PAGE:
Preschool Project: Mummies and Mummified Apples

While Meredith wasn’t terribly interested in most of the Ancient Egypt books I got, she loved the Eyewitness Mummy one. We found a cool game online, Discovery Kids Mummy Maker, that she has had a blast with. Her and I played the game together the first couple of times, and she asked questions and wanted me to read all the information to her. Even at her age she’s really learning and retaining a lot of the information. Now when she goes to play the game, for the most part she can do all the steps herself and even tell me what most of them are for (a warning though, the label maker at the last step is annoyingly unforgiving of mistakes or slips of the finger).

In my search for fun Egypt-related resources, I found this Living and Learning blog which has some great links and ideas for things to do with a preschooler. I stuck mostly to the mummy ones since that seems to be what is really fascinating Meredith right now. She has a page about mummifying a Barbie doll and an apple. The apple seemed like a simple and easy science project that Meredith could understand. So off to the local deli we went and I let her pick out an apple. Back at home, we cut it in half and then into quarters. We ate two of the quarters and placed the other two into two plastic cups.

Two apple quarters Place each apple quarter in a plastic cup.

At this point, I asked Meredith what she thought we could pour over the apple to mummify it. She immediately replied “salt”. Yep, she’s definitely internalizing a lot of what we’re doing. Ancient Egyptians actually used natron to absorb moisture out of the corpses and dry them out. It also increases the pH, which helps inhibit bacterial growth. A mixture of half baking soda and half salt is very close to natural natron. We used just over 1/3 cup of salt and 1/3 cup of baking soda.

We used about 1/3 cup of baking soda and 1/3 cup of salt.

Mix these together, and pour them over one of the apples. Meredith wanted to do this herself, but if you were wanting to be very exact, it would probably be best to hold the apple away from the edges of the cup a bit while pouring. There are a few places our natron mixture doesn’t completely cover the apple. I am just wanting to find some fun projects for Meredith to do, so I’m not too worried about it working perfectly.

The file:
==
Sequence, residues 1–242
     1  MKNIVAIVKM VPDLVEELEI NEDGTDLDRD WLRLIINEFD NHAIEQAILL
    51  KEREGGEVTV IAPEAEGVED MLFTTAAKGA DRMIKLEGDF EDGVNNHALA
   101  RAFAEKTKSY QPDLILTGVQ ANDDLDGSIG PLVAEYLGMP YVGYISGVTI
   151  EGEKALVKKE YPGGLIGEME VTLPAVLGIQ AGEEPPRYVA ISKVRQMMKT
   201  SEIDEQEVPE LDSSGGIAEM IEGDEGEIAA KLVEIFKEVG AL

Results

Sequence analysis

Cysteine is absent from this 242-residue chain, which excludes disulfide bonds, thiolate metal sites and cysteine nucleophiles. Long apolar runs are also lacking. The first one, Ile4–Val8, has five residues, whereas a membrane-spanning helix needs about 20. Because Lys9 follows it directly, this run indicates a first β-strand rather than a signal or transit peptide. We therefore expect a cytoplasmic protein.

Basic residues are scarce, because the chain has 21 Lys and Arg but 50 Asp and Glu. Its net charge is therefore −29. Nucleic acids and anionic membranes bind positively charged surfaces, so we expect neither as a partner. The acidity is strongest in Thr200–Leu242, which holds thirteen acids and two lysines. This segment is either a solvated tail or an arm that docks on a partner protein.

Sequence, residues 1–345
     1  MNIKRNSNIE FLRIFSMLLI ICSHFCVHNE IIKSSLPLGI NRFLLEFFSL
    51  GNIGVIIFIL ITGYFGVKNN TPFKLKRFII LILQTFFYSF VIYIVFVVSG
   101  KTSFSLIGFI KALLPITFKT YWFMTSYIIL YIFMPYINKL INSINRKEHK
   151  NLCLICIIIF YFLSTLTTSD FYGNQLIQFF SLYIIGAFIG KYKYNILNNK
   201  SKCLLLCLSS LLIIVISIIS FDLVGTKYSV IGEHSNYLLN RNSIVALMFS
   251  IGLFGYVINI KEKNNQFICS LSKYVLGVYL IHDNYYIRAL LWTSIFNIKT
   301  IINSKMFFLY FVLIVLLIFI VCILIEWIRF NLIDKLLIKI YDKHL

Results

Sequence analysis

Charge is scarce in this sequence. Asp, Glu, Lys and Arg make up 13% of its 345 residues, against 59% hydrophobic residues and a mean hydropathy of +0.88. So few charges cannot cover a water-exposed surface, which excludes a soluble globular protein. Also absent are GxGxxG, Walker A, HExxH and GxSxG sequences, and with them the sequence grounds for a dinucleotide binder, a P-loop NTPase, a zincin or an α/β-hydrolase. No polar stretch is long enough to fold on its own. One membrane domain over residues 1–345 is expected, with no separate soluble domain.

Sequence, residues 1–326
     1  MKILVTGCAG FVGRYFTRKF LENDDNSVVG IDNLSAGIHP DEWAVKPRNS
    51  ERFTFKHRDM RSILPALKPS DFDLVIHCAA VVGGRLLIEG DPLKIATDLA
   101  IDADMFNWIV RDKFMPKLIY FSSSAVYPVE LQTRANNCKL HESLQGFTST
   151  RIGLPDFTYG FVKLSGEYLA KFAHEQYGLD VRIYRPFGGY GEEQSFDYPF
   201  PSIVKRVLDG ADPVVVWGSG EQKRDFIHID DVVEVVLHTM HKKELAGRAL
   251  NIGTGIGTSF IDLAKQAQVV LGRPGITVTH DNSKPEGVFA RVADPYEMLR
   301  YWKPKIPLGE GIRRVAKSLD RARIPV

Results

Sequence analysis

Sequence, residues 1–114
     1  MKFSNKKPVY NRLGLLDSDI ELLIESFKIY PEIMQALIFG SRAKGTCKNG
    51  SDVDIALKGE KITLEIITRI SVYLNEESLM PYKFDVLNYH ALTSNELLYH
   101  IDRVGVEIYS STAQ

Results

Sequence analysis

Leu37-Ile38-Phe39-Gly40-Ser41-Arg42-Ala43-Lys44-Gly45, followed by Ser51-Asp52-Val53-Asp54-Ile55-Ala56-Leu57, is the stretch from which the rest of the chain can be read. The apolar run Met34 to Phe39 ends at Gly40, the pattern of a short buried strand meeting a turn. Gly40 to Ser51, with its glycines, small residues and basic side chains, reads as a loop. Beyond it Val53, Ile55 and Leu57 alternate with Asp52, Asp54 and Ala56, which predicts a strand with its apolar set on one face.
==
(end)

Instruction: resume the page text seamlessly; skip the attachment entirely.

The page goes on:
Stir it up... ...pour it over one of the apples... ...and watch the magic work!

Place both apples somewhere preferably where they won’t be disturbed too much and out of direct sunlight. We put them at the back of our pantry, where it’s nice and dark. We’ll check on the apple that’s not in the natron mixture next week, and once it’s really starting to rot (but preferably before it attracts any bugs or starts to smell, lol), we’ll pull the other apple out of the natron mixture and compare them.

The covered apple

Meredith was really excited about this experiment. The first thing she wanted to do this morning when we got up was check on her “mama apple”. (She knows that mummies are different than mommies, but doesn’t seem to quite realize that just because you can call a mommy a mama that doesn’t make a mummy a mama too hehe.) We pulled it out and of course there was barely any change, but she wanted to look and pointed out that it had started to brown a bit. I would say that so far this was a big hit, and something easy for preschoolers to do mostly themselves and to understand. I’ll update in a week or two (or more) when we see the final product.

Update: Go here to see the results.

2 comments to Preschool Project: Mummies and Mummified Apples

  • Christine

    Thanks for the resources! I’m a preschool teacher and am teaching my kids about Dr. King this week. They are fascinated by the fact that he died. They keep asking what happened to his body, if he is alive again, if we can see what it looks like now. But since I don’t want to do a unit on “death,” I want to see if they will be interested in mummies and talk about death that way.

  • kailey fregason

    im in 7th grade n i loved it

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“'You can't give what you don't have,' some people say, and if you want your children to give generosity and kindness and patience to others, you should give them so much they're overflowing with it.”
Sandra Dodd